I don't want to tell anymore of the story because if I do I'll give the second half of the story away, but just know that both books are phenomenal and great reads.

Thursday, October 16, 2008

Young Adult Lit Class

So I'm taking a YA lit class at BYU and we have a set of in class reading that we have to do as well as guidelines for our outside reading. Here's a list of what we have to read this semester:

The Outsiders
Shipwreck at the Bottom of the World
Roll of Thunder, Hear My Cry
Buried Onions
Robert Cormier book- (we had to choose a book from a list of Cormier books which were, I am the Cheese, Tenderness, After the First Death, The Chocolate War, Tunes for Bears to Dance To, or Rag and Bone Shop. I chose Tenderness, which was the "worst" of them. By worst I mean it was the grittiest and had the least hope for mankind compared to the rest. If you've ever read Cormier you know that you're not in for a "light" read.)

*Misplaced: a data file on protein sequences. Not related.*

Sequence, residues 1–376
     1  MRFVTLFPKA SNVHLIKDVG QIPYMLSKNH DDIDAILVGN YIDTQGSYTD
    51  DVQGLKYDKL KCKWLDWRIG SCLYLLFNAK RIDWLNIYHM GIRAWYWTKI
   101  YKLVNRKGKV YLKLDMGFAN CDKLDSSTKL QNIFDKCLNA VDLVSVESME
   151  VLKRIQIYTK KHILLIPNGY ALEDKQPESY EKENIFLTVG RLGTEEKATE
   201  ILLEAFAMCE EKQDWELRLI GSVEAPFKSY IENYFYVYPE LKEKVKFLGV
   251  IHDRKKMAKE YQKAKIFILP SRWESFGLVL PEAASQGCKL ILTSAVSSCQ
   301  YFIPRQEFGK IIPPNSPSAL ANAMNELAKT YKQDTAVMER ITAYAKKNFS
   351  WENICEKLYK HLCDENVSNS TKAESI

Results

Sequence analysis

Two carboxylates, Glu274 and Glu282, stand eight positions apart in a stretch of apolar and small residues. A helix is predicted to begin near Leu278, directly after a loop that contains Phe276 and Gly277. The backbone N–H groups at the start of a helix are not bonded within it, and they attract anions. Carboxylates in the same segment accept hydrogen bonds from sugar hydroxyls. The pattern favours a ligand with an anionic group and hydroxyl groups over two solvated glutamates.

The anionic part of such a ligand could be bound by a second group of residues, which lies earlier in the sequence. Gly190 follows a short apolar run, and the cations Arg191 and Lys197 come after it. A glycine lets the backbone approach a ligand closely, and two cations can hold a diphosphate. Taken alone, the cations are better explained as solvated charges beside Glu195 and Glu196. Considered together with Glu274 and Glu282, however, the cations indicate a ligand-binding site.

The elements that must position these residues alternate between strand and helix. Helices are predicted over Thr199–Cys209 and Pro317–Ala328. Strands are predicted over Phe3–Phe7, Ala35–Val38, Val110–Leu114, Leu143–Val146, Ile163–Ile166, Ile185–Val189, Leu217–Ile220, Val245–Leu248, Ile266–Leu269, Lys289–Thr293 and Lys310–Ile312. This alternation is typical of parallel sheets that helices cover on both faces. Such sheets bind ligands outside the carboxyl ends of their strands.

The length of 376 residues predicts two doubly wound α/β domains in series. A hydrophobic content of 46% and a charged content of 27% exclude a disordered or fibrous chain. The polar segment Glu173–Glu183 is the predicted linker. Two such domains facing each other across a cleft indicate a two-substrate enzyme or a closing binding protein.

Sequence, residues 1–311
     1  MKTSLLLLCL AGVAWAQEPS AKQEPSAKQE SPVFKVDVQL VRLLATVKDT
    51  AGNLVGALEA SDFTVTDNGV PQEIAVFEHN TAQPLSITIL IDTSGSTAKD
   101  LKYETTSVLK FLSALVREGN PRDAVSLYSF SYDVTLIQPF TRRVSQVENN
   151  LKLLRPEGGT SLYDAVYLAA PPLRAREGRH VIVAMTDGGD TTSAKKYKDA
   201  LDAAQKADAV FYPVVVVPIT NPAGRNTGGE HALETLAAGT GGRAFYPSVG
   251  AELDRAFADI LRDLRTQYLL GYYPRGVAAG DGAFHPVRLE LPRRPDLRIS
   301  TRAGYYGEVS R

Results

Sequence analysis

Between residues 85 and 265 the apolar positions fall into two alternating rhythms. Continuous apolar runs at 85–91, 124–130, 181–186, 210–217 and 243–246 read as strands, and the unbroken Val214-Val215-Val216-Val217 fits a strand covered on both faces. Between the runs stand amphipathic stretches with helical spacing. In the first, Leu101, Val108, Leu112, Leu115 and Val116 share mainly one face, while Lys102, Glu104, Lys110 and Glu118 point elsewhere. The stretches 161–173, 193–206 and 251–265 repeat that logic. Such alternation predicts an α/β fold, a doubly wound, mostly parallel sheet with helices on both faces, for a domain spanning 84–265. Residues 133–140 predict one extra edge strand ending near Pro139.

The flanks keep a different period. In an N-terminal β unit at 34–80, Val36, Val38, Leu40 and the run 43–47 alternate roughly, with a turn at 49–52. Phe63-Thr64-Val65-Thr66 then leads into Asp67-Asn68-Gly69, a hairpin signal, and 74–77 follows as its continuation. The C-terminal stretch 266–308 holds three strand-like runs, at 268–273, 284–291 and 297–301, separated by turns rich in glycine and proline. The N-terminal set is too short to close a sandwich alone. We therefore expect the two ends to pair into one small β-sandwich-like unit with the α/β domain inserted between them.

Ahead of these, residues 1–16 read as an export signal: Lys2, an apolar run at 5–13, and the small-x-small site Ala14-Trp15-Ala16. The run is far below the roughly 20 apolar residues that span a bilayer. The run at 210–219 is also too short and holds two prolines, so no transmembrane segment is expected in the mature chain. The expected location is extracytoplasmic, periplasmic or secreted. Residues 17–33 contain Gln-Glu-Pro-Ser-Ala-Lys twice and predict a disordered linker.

Running Loose
The Curious Incident of the Dog in the Night-Time
Out of the Dust
Blue Skin of the Sea
Howl's Moving Castle
Make Lemonade
American Born Chinese

We also have required "elective" reading which is:

Read at least one YA book by each of the following authors:
Laurie Halse Anderson
M.T. Anderson
Kevin Brooks
Lurlene McDaniel
Gary Paulsen
Paul Volponi
Jacqueline Woodson

Read at least one YA book from each of the following categories:
audio book
fantasy, science fiction, horror, or suspense
old time 'juvenile' fiction (pre-1920)
LDS author: [choose one] Crowe, Ellis, Heuston, Hughes, Leavitt, Plummer, Rallison, Randle
graphic novel
Printz Award winner or honor book